Mark deletes and retypes.

KYM (CONT’D)
And we need to describe the jungle before we get to the sweaty breasts.

Mark moves the cursor to the end of the first sentence.

MARK
(typing)
The Yucatán jungle stretched in all directions, islands of –

KYM
– stone ruins occasionally interrupting the monotonous green –

MARK
– of dwarfed cedar and chakah trees.

They give each other a high five.
FADE OUT

Okay, that may not have been exactly the way we wrote that particular passage from our novel, All Plucked Up, but it’s how we co-author – one of us starts a sentence and the other finishes it. Plus, Mark is dyslexic and Kym catches misspellings as we go along. (We’re doing it right now as we type this article.) In our case, Mark is the typist because Kym can’t use the touch pad on the laptop. It’s all pretty efficient except when one of our six house cats jumps on the keyboard. There’s nothing transom-like in the way we compose at the sentence level. And this technique allows us to test out loud as we go along just how naturally the words flow on the page.

We’d be the first to admit that this is probably not the fastest way to write for most people. But it works for us because we like to write together, and we decide up front on a project that we both feel passionate about. The biggest challenge, of course, is to find or block out regular periods of time when we’re both available. Kym is an early-morning person (she’s up before the sun) while Mark isn’t even coherent until 11 a.m. Our best compromise falls mid day, and we plan accordingly.

Todd_finalgreedIt also helps that we both have equally twisted senses of humor. In our first novel for the same Silverville Saga Series, Little Greed Men, we have a scene where the sheriffs of two counties meet to decide jurisdiction over unidentified human remains found more or less straddling the line:

“It’s not Silver County’s problem,” Carl said at last.

“Wait a minute!” the other sheriff objected. “You guys found as many bones on your side as we did.”

“C’mon, Andy, you’ve got the skull,” Carl said. “That officially gives you more bone mass than we have.”

“Yeah, but you guys have the teeth.”

“We don’t know for sure those dentures are that fellow’s teeth. Maybe somebody was out here hiking and dropped them.” Carl looked pretty satisfied with his deduction.

“Oh man, that ain’t right. We had to bury one earlier this spring. You haven’t had one in a couple of years.”

They argued back and forth for several minutes . . .

To us, this scene was a howl to write, and we were having too much fun to worry much about whether or not readers would agree. We enjoy this type of book, and we hoped the same kind of readers would discover our novel. More important to us was writing true to what we thought was funny.

The best writers say to write what you know. That’s exactly what we did with the Silverville Saga Series. We drew upon real personalities and real situations that we’ve experienced or heard about living in the mountainous West. The scene above – or something close – actually took place between Gunnison and an adjoining county. To be truthful, nearly all of the situations in our book happened somewhere in at least one of our pasts.

For instance, we inserted an anecdote where townsfolk flee from an apparently rabid dog with a frothing mouth. That dog, in reality, was Kym’s childhood pet. “Roscoe” had helped himself to a meringue pie cooling on someone’s front steps. The dog scared the wits out of the neighborhood until the cook discovered her empty pie plate.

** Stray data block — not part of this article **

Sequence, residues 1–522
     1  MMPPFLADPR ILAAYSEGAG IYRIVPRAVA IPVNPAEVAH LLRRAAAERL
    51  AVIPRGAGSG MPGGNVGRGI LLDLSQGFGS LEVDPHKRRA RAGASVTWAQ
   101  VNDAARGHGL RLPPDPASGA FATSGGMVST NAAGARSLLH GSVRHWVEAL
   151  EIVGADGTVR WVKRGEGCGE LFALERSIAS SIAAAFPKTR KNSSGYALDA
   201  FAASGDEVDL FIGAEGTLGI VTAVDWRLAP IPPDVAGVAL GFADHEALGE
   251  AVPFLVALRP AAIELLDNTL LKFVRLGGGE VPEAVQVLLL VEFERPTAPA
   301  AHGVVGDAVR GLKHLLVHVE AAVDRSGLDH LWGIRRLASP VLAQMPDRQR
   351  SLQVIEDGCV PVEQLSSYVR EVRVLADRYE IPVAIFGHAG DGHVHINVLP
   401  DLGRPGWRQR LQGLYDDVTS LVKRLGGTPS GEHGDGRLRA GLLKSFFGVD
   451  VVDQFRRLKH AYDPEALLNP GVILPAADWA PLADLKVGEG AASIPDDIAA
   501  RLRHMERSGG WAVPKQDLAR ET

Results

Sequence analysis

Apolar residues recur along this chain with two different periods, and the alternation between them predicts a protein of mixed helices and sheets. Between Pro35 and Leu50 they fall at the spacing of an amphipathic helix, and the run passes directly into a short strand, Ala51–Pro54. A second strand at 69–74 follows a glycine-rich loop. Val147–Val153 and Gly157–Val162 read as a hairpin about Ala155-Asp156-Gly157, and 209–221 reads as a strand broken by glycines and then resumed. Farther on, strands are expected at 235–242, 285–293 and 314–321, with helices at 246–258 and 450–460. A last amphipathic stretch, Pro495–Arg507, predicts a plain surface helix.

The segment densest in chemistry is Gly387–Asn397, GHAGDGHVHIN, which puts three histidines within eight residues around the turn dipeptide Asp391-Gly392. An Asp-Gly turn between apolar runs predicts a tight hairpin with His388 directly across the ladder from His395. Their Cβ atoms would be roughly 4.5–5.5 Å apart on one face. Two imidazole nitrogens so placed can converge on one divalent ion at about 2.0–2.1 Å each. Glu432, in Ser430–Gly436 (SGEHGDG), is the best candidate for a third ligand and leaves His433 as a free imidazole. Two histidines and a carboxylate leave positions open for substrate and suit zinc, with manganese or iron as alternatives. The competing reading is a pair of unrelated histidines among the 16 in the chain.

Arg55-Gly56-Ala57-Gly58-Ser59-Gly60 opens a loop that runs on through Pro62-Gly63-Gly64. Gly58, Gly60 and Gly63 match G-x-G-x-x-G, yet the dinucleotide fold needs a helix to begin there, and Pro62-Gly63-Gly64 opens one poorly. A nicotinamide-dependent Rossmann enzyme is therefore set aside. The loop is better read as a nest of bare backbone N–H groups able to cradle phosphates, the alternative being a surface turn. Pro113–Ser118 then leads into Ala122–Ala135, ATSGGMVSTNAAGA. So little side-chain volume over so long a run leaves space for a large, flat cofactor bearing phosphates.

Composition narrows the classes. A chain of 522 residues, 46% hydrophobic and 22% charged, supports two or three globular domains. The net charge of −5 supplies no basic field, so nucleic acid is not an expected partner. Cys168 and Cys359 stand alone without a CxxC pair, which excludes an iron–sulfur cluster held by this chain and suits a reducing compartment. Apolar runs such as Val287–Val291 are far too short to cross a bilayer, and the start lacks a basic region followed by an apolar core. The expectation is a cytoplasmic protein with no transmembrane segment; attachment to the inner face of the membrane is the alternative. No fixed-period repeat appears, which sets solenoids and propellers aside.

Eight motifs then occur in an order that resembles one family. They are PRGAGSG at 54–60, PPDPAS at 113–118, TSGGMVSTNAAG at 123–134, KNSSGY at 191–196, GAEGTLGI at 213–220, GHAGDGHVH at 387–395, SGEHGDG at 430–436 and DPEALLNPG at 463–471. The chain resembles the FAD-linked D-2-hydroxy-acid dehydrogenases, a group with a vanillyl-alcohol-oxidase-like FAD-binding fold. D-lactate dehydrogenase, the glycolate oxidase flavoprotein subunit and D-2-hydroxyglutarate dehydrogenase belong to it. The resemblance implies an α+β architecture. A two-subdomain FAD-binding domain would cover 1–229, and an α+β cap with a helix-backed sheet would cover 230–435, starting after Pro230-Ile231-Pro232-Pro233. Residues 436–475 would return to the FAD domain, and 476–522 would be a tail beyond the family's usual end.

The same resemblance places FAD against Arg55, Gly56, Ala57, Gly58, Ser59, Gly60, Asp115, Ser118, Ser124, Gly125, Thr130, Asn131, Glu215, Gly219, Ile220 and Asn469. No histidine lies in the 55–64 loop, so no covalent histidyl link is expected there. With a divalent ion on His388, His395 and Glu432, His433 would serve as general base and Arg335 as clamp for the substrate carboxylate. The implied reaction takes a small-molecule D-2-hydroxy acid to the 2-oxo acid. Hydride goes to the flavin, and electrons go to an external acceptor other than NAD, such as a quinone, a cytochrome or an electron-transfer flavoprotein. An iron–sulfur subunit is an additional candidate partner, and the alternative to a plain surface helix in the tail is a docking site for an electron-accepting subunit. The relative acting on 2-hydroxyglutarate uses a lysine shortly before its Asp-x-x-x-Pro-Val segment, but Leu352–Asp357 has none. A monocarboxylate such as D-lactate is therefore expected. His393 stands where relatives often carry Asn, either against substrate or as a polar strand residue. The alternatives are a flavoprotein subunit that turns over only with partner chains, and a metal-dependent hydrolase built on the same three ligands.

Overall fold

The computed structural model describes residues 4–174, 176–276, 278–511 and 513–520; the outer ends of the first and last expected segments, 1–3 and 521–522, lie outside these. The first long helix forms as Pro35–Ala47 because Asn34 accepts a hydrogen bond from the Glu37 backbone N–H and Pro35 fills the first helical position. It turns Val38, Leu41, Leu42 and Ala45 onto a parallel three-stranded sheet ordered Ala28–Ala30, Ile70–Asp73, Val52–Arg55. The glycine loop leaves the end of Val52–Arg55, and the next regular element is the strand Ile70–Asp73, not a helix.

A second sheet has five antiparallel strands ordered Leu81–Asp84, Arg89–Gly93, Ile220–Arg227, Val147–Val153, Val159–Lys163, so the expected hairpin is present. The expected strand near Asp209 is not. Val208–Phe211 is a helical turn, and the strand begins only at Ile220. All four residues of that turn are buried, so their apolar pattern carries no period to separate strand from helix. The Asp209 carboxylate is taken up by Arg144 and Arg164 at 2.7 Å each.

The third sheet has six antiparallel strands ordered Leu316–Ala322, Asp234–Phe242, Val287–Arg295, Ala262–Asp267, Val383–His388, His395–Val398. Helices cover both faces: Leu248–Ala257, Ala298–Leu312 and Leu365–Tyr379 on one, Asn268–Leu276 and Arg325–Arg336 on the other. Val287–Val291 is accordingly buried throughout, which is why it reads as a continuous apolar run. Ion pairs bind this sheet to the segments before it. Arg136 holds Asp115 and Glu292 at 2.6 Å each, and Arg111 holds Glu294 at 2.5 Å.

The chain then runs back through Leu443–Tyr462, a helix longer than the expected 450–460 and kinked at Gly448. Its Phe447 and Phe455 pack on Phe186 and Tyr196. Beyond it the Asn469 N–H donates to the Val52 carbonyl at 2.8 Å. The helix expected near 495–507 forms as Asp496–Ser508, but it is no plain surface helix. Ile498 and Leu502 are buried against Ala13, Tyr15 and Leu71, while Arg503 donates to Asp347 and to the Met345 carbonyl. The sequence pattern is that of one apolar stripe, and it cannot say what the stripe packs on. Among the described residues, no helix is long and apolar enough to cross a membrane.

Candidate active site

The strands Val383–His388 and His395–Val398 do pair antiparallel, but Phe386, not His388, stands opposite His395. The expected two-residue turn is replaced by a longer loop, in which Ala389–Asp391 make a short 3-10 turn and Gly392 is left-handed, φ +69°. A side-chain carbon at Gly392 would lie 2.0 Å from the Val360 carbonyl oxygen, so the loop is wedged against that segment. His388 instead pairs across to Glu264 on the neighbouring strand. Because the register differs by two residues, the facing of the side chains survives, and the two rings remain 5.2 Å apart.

Another scene in the book has a real sense of authenticity since Mark’s family owned a mortuary business:

Buford gawked at the open shelves neatly stacked with rows of embalming fluid bottles, instruments, and linens. He’d never been in the room long enough before to get a close look at the mysterious equipment kept there. Picking up a cardboard box, he plucked out a small pink disc that was shaped like half a hollow marble.

“What are these?”

Howard dropped his towel into a hamper. “They’re eye cups. We stick them under the eyelids after someone dies.” Then he added, “So the eyes won’t sink.”

Buford took two of the little cups and raised them to his own eyes, squinting to hold them in place like two plastic monocles. “Like this?”

He heard the door open behind him and turned, blindly, in that direction.

“Buford, what are you doing in here?”

Opening his eyes, Buford felt the cups slide down his cheeks toward the floor. Denton stood with his hands on his hips, and he didn’t look pleased.

Of course, Mark never played with eye caps. (At least he never got caught.)

The advantage should be obvious – two heads mean two sets of experiences. It also means two sets of critical eyes because we each bring to the “Writing Bed” individual strengths that mitigate the individual weaknesses. Kym’s journalism background makes her succinct to a fault. Mark, on the other hand, comes from the halls of academia and doesn’t know when to quit. Somewhere between these two extremes is the point we shoot for using each other’s complementary strengths.

~~~~~~~~~~~~~~~~~~~~~~~~~

Todd_outhouse_final_cover(sm)Co-authors Kym O’Connell-Todd & Mark Todd are co-authors of the Silverville Saga Series, paranormal adventure comedies that take place in an “ordinary” community sitting on intersecting ley lines – punching holes in everyday reality, causing extraordinary coincidences and the random UFO, an occasional curse, a ghost or two, and even a bit of time-travel now and then.